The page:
If you are nervous about making a complaint or otherwise wish to obtain guidance on how whistleblowers should be dealt with, contact WISE Workplace today for detailed assistance with all aspects of the workplace investigation process.  

Her Word Against His – Detecting Lies in Interviews

Harriet Witchell - Wednesday, May 17, 2017

One of the most challenging aspects for employers attempting to deal with workplace bullying or misconduct is getting to the truth of allegations, especially in circumstances where the apparent victim's version of events contradicts that of the alleged bully.

Most of the time, this disparity can be put down to differences of opinion or misinterpretation of intentions.

For example, the accused bully may have simply felt that they were performance-managing their subordinate, whereas the victim may have felt denigrated and abused. A purported victim may consider themselves to be the target of sexual harassment, while the accused bully may have simply wanted to ask them out for a friendly coffee.

But occasionally, for whatever reason, apparent victims of bullying tell lies in the interview process and make false accusations of bullying. This could be because they dislike the alleged bully, believe the "bully" should be dealt with by management or simply because they have embellished their story and feel that they need to stick with it now that a complaint has been made.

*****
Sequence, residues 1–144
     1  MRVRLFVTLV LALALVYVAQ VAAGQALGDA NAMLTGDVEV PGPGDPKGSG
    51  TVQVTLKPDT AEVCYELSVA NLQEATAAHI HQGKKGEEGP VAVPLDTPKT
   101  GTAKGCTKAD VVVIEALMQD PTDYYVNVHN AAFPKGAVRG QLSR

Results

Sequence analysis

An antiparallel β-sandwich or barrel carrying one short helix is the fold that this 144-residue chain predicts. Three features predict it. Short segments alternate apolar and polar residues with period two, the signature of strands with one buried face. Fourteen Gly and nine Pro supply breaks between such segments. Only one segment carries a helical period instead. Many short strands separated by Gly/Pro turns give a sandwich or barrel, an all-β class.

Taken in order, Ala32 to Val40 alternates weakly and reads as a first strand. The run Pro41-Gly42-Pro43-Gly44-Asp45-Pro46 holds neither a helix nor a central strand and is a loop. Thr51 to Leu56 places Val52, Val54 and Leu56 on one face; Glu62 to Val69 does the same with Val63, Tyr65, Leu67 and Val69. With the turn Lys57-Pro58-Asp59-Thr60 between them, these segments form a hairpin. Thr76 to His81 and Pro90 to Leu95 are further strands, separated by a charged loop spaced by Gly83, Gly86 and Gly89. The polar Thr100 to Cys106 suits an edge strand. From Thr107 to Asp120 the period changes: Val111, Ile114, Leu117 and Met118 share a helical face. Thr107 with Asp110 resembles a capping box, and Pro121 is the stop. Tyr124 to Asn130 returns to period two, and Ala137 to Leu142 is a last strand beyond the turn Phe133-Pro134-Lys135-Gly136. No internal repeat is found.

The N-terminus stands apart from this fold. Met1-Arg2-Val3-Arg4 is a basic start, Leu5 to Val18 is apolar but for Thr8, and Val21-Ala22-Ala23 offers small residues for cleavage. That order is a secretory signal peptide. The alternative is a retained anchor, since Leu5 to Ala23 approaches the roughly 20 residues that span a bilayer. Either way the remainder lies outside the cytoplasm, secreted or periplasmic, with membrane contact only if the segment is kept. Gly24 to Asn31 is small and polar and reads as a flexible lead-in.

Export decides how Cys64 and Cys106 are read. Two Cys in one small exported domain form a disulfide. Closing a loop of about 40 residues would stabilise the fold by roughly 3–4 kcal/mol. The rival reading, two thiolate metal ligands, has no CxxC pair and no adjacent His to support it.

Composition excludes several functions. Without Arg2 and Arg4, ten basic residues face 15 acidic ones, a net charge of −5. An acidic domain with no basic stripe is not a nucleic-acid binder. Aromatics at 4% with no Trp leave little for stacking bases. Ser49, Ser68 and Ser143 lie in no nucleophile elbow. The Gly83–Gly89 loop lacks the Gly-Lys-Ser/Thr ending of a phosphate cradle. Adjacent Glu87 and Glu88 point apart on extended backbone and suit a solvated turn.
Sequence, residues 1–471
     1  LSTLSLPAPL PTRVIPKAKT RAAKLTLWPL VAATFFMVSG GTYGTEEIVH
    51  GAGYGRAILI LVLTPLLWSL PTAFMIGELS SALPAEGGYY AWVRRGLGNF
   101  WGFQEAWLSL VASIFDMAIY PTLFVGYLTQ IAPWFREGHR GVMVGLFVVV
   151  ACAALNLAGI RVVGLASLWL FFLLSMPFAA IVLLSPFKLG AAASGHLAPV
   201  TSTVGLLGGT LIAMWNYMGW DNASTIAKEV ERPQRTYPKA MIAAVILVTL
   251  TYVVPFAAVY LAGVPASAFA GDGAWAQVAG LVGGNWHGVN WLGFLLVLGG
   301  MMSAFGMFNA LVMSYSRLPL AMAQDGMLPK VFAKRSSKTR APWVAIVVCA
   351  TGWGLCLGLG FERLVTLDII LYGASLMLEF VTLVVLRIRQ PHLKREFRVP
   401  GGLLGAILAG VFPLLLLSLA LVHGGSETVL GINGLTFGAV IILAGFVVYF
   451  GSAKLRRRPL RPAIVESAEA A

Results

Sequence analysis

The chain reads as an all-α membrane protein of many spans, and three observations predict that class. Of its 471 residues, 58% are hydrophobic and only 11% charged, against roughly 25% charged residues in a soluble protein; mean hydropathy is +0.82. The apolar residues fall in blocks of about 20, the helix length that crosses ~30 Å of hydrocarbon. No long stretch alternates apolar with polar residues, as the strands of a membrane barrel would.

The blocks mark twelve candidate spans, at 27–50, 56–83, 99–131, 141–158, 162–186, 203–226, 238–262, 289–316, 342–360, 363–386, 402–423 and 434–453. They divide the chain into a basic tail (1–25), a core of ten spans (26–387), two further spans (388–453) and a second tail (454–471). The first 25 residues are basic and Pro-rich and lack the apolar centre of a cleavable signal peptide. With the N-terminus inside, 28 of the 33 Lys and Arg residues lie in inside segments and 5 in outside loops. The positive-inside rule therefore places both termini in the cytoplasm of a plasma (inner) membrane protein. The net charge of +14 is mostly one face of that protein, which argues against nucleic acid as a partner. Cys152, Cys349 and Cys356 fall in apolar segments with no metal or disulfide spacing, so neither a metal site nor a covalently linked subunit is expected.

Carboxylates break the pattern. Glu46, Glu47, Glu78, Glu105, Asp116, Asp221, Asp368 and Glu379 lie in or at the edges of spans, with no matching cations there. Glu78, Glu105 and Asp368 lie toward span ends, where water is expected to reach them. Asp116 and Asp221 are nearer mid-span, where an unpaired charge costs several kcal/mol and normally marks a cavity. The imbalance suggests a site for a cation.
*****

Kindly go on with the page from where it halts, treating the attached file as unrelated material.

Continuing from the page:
Regardless of the myriad reasons why a victim may lie during an investigative interview, how should this be dealt with by an employer?


Although it is natural to sympathise with a purported victim, and perhaps unconsciously believe their version of events over that put forward by the alleged perpetrator, the most important function of a workplace investigator is to establish the truth surrounding the allegations.

It is therefore imperative that any preferential bias in favour of the apparent victim is removed. If you do not feel that you can adequately perform an interview without such bias, whether because of your relationship with the victim/bully or because you can personally relate to the allegations of bullying, ensure that another person is tasked with conducting the interviews.